thanks – a lot more work to do yet but this is going in the right direction.

      Many more sections to cover, so keep watching for updates.

      All the best,

      Andy.

      (0) 
  7. Jacques Thijs

    Hi Andy

    Great document and I am hoping that SAP take note of this as there are now so many websites and document resources that it has now become a complete mess when attempting to find the correct document and I am very happy to say that your doc clears the wood from the tree’s.

    Perhaps if there were more like this and the one found in this link it would make life a lot easier and save time when searching for the correct information

    https://cookbook.experiencesaphana.com/

    (0) 
  8. Raj Kumar Salla

    Hi Andy,

    I have a question on finding root cause for index server crash.

    From the Diagnosis Files tab, I downloaded the index server crash dump trace but the file is too big and don’t know what to look for. How to find for which problem the index server is crashed?

    Regards

    Raj

    (0) 
    1. Andy Silvey Post author
      Hi Raj  I am on holiday at the moment building sand castles with my children  The best advice i can give is for you to put this question in the Hana   discussion forums where it will be visible for all to answer  and for all to gain from  All the best   Andy
      (0) 
  9. SUJIT SHARMA

    Dear Andy,

    Thank you so much for your time for such a wonderful compilation. This definitely would have provided great help to many of us.

    Best regards,

    Sujit

    (0) 
  10. Paul Aschmann

    Hi Andy,

    Thanks for a helpful list. Here are 2 which you may want to add which I did not see currently:

    Forward port 80 to XS Engine (8080)

    This is helpful if you would like your web app to be available on the default/standard HTTP port.

    sudo iptables -t nat -A PREROUTING -p tcp –dport 80 -j REDIRECT –to-ports 8000

    XS Engine debug mode

    Enable the developer mode which provides details on execution/runtime errors when helps during development (rather than getting generic 500 errors).

    From HANA Studio, open Administration -> Configuration -> xsengine.ini -> httpserver -> developer_mode  = true

    Cheers, Paul

    (0) 
    1. Andy Silvey Post author

      Hi Paul,

      thank you very much for this contribution, what you have done, contributing more valuable information to the SAP Hana Basis Administrator’s Reference is precisely what the spirit of this blog is about.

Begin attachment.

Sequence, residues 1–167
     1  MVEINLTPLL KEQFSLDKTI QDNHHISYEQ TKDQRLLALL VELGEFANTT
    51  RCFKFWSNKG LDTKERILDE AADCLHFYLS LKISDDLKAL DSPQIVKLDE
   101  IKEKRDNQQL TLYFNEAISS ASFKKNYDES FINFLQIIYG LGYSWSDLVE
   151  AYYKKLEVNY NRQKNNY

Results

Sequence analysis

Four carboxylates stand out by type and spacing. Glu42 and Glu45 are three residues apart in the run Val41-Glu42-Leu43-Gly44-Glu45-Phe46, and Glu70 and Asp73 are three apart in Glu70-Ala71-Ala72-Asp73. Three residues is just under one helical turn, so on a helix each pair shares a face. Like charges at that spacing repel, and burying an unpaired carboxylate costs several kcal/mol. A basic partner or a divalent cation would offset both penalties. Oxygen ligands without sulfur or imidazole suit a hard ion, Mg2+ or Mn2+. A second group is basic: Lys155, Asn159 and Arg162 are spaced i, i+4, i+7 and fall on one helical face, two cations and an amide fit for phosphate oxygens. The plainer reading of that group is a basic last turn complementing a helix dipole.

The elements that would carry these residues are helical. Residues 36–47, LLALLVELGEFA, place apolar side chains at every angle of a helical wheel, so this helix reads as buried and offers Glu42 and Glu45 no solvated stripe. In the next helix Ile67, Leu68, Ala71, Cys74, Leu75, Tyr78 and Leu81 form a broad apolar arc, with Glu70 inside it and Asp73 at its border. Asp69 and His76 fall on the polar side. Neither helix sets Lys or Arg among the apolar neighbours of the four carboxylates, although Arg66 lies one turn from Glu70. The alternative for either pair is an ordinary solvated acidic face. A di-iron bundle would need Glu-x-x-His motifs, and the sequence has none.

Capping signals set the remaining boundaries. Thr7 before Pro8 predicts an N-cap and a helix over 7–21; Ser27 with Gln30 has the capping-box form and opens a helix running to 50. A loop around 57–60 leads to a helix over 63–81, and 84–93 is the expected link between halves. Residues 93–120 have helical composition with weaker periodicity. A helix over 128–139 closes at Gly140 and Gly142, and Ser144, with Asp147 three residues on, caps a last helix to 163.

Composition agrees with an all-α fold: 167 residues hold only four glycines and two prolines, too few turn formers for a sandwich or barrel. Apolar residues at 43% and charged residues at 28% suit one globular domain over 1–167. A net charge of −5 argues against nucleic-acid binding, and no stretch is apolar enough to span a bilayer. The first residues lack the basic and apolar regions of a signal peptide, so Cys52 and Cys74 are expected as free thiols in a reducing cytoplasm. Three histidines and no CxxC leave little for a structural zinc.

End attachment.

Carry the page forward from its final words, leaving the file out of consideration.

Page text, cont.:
I will add sections to the blog for your items and credit them to you.

      Thank you again and all the best

      Andy,

      (0) 
  11. Dayal Thyagaragan

    Dear Andy

    Any idea how to solve this problem – I need your Help.

    name, description, dispstatus, textstatus, starttime, elapsedtime, pid

    hdbdaemon, HDB Daemon, YELLOW, Initializing, 2013 10 30 18:47:34, 137:18:49, 5626

    hdbnameserver, HDB Nameserver, RED, Stopped, , , -1

    hdbpreprocessor, HDB Preprocessor, YELLOW, Scheduled, , , -1

    hdbindexserver, HDB Indexserver, YELLOW, Scheduled, , , -1

    hdbstatisticsserver, HDB Statisticsserver, YELLOW, Scheduled, , , -1

    hdbxsengine, HDB XSEngine, YELLOW, Scheduled, , , -1

    sapwebdisp_hdb, SAP WebDispatcher, YELLOW, Scheduled, , , -1

    I am unable to start the services .

    Thank you

    Dayal

    SG

    (0) 
    1. Andy Silvey Post author

      Hi Dayal,

      please put this question into the Hana forum where it will be visible for all to contribute to and to gain from.

      Best regards,

      Andy.

      (0) 
    1. Andy Silvey Post author

      Hi Tim,

      thanks – it’s a work in progress, now I need to fix the formatting grrr

      I think I will find an offline blog editor tool and write it in there and then paste into here from now on.

      Best regards,

      Andy.

      (0) 
    2. Andy Silvey Post author

      Hi Tim,

      thanks – it’s a work in progress, now I need to fix the formatting grrr

      I think I will find an offline blog editor tool and write it in there and then paste into here from now on.

      Best regards,

      Andy.

      (0)